Spectrum Logo
A non-profit publication of the Office of the University Relations of Virginia Tech,
including The Conductor, a special section of the Spectrum printed 4 times a year


Spectrum Volume 17 Issue 30 - April 27, 1995

The Faculty Senate Virginia Polytechnic Institute and State University Spring 1995

Unanimously approved and accepted by the Faculty Senate on April 18, 1995.

Prepared by an Ad Hoc Committee of the Faculty Senate composed of Paul Metz (chair), Ludeman A. Eng, Edward A. Fox, Charles T. Goodsell, Paul L. Knox, Mary Denson Moore.


The purpose of this document is to express the vision of the faculty of Virginia Tech as the university moves into the twenty-first century. It describes, from a faculty perspective, the mission of the university and suggests some principles which we believe can best guide Virginia Tech's pursuit of excellence in fulfilling its motto, Ut Prosim ("That I May Serve"). The document concludes by outlining the role, the requirements, and the responsibilities which pertain to the university faculty.

Our Institutional Identity

There are over 2,000 institutions of higher education in the United States. All of them share broadly in an historical tradition and set of inherited values which define for colleges and universities a role emphasizing the value of open inquiry and dialogue; the worth of knowledge for its own sake and as a bedrock for democratic discourse, economic progress, and cultural vitality; and the responsibilities each generation has towards its successors.

Each of these institutions is also unique and has a distinctive culture. What makes Virginia Tech unique? What defines its culture?

First, Virginia Tech is a university. As such, Virginia Tech is properly concerned with the advancement through both instruction and research of virtually all fields of intellectual endeavor. The central commitment to undergraduate instruction that we all share requires us to transfer appropriate knowledge from our respective disciplines to students in order to prepare them for careers and life. The graduate programs which define Tech as a university challenge the institution to assemble scientists, scholars, and artists working at the highest level in a process of collaborative discovery and instruction with a post-graduate population.

Virginia Tech is a state-supported land-grant university. This obligates the university to make instruction available to varied kinds of populations through many modes of delivery and to provide information and counsel to a wide variety of enterprises. The land-grant mission is fundamental to Tech's character. It ties Virginia Tech to all geographic regions of the commonwealth and makes any number of citizens who have never attended Tech stakeholders in its welfare.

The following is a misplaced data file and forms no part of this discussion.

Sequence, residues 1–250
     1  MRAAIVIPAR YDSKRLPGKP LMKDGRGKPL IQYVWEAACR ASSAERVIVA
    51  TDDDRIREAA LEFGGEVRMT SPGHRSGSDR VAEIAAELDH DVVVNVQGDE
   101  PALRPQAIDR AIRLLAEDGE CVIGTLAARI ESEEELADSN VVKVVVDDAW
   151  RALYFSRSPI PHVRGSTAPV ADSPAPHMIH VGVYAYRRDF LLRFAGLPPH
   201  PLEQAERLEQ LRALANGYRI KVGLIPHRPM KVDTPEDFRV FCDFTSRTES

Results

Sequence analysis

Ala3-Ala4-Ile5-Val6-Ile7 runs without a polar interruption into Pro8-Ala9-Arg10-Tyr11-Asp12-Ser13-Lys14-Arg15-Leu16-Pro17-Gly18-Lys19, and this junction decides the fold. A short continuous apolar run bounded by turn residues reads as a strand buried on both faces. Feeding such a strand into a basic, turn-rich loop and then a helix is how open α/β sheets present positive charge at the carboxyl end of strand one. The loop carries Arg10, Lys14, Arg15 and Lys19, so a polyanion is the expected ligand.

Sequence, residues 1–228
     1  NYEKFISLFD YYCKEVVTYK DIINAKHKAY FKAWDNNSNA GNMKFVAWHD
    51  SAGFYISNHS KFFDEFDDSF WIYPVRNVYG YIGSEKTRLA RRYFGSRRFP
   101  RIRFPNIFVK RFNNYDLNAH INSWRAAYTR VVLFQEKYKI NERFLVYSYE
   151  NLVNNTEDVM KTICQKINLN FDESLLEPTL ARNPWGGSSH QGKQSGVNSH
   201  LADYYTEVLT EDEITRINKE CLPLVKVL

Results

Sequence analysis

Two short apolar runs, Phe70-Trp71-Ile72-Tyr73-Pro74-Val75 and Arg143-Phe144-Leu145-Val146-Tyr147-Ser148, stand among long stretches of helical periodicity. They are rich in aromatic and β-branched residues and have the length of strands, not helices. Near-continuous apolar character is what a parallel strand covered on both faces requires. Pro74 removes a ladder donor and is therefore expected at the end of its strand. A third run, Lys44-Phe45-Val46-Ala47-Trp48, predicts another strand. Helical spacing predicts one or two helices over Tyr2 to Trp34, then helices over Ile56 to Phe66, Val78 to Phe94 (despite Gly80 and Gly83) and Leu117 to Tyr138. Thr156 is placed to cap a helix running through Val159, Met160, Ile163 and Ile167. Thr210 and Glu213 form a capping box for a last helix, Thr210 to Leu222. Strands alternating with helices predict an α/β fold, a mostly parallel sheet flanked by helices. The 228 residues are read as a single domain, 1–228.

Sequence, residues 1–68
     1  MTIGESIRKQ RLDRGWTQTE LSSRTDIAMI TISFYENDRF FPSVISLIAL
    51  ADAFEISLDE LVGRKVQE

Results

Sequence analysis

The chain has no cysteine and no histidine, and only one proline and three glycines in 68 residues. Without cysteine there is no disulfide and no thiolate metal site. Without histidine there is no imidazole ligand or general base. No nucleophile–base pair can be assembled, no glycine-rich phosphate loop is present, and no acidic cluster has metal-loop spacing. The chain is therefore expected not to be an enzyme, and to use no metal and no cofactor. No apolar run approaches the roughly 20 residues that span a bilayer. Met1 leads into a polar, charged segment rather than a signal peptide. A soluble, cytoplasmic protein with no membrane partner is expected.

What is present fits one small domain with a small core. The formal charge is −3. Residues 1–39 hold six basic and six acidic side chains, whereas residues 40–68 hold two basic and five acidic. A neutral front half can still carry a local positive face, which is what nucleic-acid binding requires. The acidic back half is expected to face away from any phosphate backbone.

Finally, Virginia Tech is a research university of international stature. Its faculty members participate actively in scientific research, humanistic scholarship, artistic performance, and other facets of discovery. They are well known to their professional colleagues around the world. Their direct contributions to world-wide progress in a wide range of disciplines is only partially reflected by the annual volume of books, articles, papers, and patents which represent their work and bring credit to the institution.

The university's historical distinctiveness is defined by a set of circumstances which is not shared by any other institution. These include its location in southwest Virginia, land-grant origins, military traditions, technical orientation, and outstanding strengths of individual programs which have defined its mission and its public perception.

The Goals and Values Which Derive from Tech's Identity

Virginia Tech's unique role in higher education and in the state of Virginia suggest several institutional missions. We refer to these as instruction, research, and public service because in many contexts this is a useful distinction, but we must be constantly aware that in much of the best work that goes on in the university, there is great cross-fertilization and synergy among these functions. At bottom, what binds our activities together is a commitment to excellence in the many activities of learning and discovery.

Let us take a minute to reflect on why each of these missions is so critical to the vitality of Virginia Tech.

Teaching is at the heart of a university's purpose. It is what distinguishes a university from a research institute responsible only to itself and its funding agencies. Teaching is a principal means by which the university returns the investment of the commonwealth's taxpayers and its own students. For those whose primary responsibility is teaching, scholarship and research take place in praxis and are measured by the extent to which their practitioners are successful in engaging students in the process of gathering, assessing, analyzing, synthesizing, and applying information. It is critical that the faculty value and respect the undergraduate experience as a critical time in which young people display both great potential and great needs.

If we succeed in our teaching mission, the university will annually graduate thousands of young persons who have come to campus ready to learn and who have left eager, equipped, and sufficiently skilled to contribute to every aspect of our scientific, commercial, civic, and cultural life. We will also, and increasingly must also, have educated a geographically scattered adult population whose particular needs will challenge our ingenuity and our ability to devise and use non-traditional means of instruction. Because it would be impossible to overvalue instruction and those who engage in it successfully, no one should be given career responsibilities for teaching who does not do it very well.